Dear Mr. Positive
There is nothing known as top-down or bottom-up in training unless you are cascading objectives, in which case both happen one after the other.
Training costs money, and therefore to ensure commitment of resources by top management, the efforts must be business oriented with gains apparent to the management, and the effect must add substantial value to attain organisation objectives. Training therefore must be need oriented, deretmined through TNA (Training Need Analysis)
TNA begins from the stage of recruitment and continues through the analysis of PMS (Performance Management System). To begin with, in order to be able to advise effectively, I would need a lot of details for which, if interested, please correspond with me on raanadotsinghjiatgmaildotcom.
Raana Singhji

From India, Pune
It is definitely preferable to start training from the top. But many at the top show resistance to learning and undergo training. If you want to train from the bottom it will not percolate upwards.
In my opinion start training from Middle Management Cadre as they are the connecting link between the top Management and lower level cadre people.

From India, Hyderabad

It would not be so prudent to classify training as top down or otherwise !Rather one should strategise training into four categories namely:

1.Leadership Development: only meant for succession plan candidates

2. Management Development: for Middle & Junior Management levels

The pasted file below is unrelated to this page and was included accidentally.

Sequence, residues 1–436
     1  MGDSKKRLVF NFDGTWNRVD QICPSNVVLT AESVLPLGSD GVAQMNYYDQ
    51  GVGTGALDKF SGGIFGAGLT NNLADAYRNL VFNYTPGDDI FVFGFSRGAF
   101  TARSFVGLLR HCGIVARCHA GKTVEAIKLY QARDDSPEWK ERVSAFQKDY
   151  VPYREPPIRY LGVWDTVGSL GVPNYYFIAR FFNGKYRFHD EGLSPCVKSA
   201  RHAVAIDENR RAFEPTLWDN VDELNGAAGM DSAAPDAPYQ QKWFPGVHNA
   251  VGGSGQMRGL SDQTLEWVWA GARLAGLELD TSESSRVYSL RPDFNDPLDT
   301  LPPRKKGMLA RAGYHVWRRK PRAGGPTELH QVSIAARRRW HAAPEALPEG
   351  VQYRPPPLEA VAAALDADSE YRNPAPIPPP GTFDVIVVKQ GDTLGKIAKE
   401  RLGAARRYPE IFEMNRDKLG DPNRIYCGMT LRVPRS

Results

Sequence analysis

3. Technical Training for all Management level

4. Workmen training

The idea is that all such programs should derived from the Vision , Mission & Value statements, Competencies of the organisation & also on the TNAs of the concrened employees. By doing so all programs would be much meaningfull and add value to the business !

Having said this any training costs money , however, it should not be seen as an "expense "but as an "investment "on it's most important asset " People". Many Organisations waste lot of time in calculating ROI on training ,which can be easily linked to improved / decrease in productivity, rather we should focus more on Performance Management or " Forced Bell Curve" concept and target who are poor performers . As inspite of the Mgt's investments on their development , they still remain to be poor performers ( inspite of given an opportunity!)

Hope these views would through some more light on further discussions !

With Rgds

Santosh Minz


From India, Mumbai
Agree with what Mr.Dinesh has said Training people in Top Management results in better results and helps in cultivating subordinates. Regards, Suresh
From India, Bangalore
My take : There is no one approach in training; Whatever one wishes to adopt will depend on the organisational practices & contextual setting。A good way is to identify the

competency gap。 One may want to prioritize which level of staff that could create the greatest impact or ROI upon training。Also it depends on the training budget allocation available。

Typically an approach is to adopt the 70:30 ratio。 70% on technical training

and 30% soft skills developmental training.

A good approach is to establish the skill inventory or competency of the critical job functions which has the most significant impact to the revenue of the organisation. Thereafter, identify the skills or competency gaps. Training will then be structured to help bridge these identified skills or competency gaps. In this manner, I can say we are tackling both top, medium and bottom approaches. Of course, in doing so, the TNA will be undertaken and this includes the audit shortcomings or findings, competitors' analysis and business directions, are some areas to consider. Nonetheless, the senior management's guidance/support should be sought when determining which training direction to embark. We hope to get their "buying-in" in implementing the training strategies.



From Malaysia, Ampang